Take the 2-minute tour ×
Gardening & Landscaping Stack Exchange is a question and answer site for gardeners and landscapers. It's 100% free, no registration required.

I set up a 7 cu ft rolling composter in my garden about 3 weeks ago and filled it about halfway with 1/3 food scraps and 2/3 cardboard/leaves/finished compost. My kids added more food scraps, so it's probably 50-50 now. I've kept it wet and turned it, but upon opening it yesterday, it had a sour stench and a lot of bugs squirming in it. I added more finished compost, hoping it just had too much food scraps, but I'm not sure if that's the right thing to do. Is it just 'not done' yet?

Any advice?

share|improve this question
1  
Have a look here: Speeding up decomposition of sickly sweet smelling giant compost heap & here: Should I add water to my compost heap?. Also please define "food scraps", what exactly makes up that part of your compost pile? Is your compost pile open to the elements or is it closed (sealed inside some sort of container)? –  Mike Perry Sep 12 '11 at 17:38
1  
Food scraps for us are vegetable peelings, fruit rinds and old fruits/vegetables. I've read about limiting meat or bones, so I didn't add any at all. –  RichardG Sep 12 '11 at 18:42
    
Meat and bones don't belong in a compost pile (IMHO), doing so it a sure fire way to attract vermin... –  Mike Perry Sep 13 '11 at 2:25
add comment

1 Answer

up vote 10 down vote accepted

If it has a sour smell, you've probably got:

  • Too much nitrogen, not enough carbon -- add more cardboard & leaves. Avoid adding food scraps, lawn clippings, etc until the problem is fixed.
  • Not enough air -- turn it.
  • Too much water -- don't add any more water. (This also contributes to "not enough air" -- when it's too wet, the bacteria can't breathe.)

If you use just shredded cardboard (which has a very high carbon percentage), I'd add about 10% the volume of the bin to get it to equilibrium. If you use leaves instead of cardboard (high carbon, but not as much), I'd triple that.

This is a rough, off the cuff guesstimate. You'll have to add the cardboard, turn it, let it sit for a couple of days and observe. The cardboard will also soak up some of the excess moisture. If the smell goes away and the pile starts to heat up, then you've got the ratio about right. If it still stinks, add more carbon (leaves or cardboard), turn, and wait another couple of days. If the smell goes away but it doesn't heat up, you may have gone too far with the carbon. This is easier to fix than too much nitrogen: start adding kitchen scraps gradually.

If you have a readily available carbon feedstock (aka "browns": newspaper, cardboard, dry leaves, sawdust, etc), tell your kids that they need to add some whenever they add kitchen scraps. The "browns" belong on top of the scraps. Use more leaves, less sawdust -- the chart on this page will give you an idea of how much carbon is in various ingredients. (But your own experience will be the best teacher.) A thin sprinkling of garden soil over the top of the browns helps inoculate the compost with good bacteria and trap nitrogen from escaping into the environment.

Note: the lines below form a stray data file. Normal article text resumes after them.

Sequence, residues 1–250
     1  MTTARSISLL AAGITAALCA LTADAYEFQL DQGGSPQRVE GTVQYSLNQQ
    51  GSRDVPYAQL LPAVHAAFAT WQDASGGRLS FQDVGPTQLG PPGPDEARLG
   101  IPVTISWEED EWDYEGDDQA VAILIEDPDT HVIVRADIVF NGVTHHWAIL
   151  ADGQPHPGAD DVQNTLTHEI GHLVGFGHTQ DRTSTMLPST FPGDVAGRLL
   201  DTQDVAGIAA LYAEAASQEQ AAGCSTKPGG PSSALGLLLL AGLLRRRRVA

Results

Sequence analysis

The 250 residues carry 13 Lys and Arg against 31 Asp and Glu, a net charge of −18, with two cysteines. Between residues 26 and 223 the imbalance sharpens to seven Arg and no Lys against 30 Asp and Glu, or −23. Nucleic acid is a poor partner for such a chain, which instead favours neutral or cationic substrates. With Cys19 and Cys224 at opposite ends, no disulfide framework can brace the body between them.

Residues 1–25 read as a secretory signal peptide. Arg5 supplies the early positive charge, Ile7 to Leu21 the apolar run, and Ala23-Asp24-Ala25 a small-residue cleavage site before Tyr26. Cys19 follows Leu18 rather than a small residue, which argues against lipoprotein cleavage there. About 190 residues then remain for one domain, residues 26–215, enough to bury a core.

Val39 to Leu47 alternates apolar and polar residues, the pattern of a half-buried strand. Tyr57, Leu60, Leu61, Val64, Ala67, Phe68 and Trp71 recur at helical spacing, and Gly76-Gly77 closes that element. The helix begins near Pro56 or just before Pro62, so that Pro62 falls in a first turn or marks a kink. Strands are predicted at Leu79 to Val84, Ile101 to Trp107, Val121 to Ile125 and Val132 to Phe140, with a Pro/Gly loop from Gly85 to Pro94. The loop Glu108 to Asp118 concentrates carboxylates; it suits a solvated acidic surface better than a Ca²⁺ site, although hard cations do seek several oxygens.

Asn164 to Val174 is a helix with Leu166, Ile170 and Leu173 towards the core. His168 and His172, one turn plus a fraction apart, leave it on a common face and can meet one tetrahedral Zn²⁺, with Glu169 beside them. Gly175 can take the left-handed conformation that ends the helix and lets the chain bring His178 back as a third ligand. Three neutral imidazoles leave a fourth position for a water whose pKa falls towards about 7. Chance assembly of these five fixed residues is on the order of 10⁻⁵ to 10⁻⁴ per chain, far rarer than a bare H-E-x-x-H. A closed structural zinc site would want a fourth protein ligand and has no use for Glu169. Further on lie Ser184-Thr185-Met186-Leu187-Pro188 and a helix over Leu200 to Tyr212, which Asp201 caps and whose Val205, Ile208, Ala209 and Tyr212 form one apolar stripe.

(As a side note, "bugs" are expected in your compost -- they're part of what will break it down. But it's possible that you've got more than you should. They will probably go away when you get the mix right, especially if you bury the scraps under browns as described above.)

share|improve this answer
    
"chart on this page" -- I think is missing a link... –  Mike Perry Sep 12 '11 at 18:00
    
+1 This pretty much fits all our problems with our compost barrel. Not turning is laziness on my part, but for the past year or so I've put less water in (it used to get in via coffee press/cafetieres) and tried to put more leafy matter in. It does help. Bugs are partly a symptom of decomposition (a Good Thing) and the birds will quickly finish them off when you empty the compost out. –  winwaed Sep 12 '11 at 18:08
1  
Our compost container is a rolling tumbler design, with holes in the sides. Thanks everyone for the advice, I'm starting to think my problem is not enough leaves or other carbon, and possibly too much water. The design of this container has holes in the side for air, but it doesn't appear to have a drain for water and I think I've created quite a soup in there. This is my first attempt at composting, so thanks everyone for this and any future advice. I'll try adding more carbon and report back in a few days on my progress. –  RichardG Sep 12 '11 at 18:45
    
@Richard: if you've got a lot of water (if it is sloshing when you turn it), you may want to try to drain it somehow. I don't use a tumbler, but I'd expect it to stay wetter than open piles, so if you read advice (especially from me, on this site) to hose down your compost, you can probably ignore it. Especially since you're adding kitchen scraps, which in my experience are already quite wet to begin with. –  bstpierre Sep 12 '11 at 20:48
3  
@bstpierre I used to try and drain our barrel composter (moulded plastic thing) by leaving it with the bigger holes downwards. This wasn't very effective as the compost would clog the holes. I found it more effective to find the source of the water (coffee grounds in my case) and avoid putting it in - or adding only if it is dry. for another source of carbon, I also use shredded paper - but sprinkle it in so you don't get one big wet paper mache mess! –  winwaed Sep 13 '11 at 3:08
show 2 more comments

Your Answer

 
discard

By posting your answer, you agree to the privacy policy and terms of service.

Not the answer you're looking for? Browse other questions tagged or ask your own question.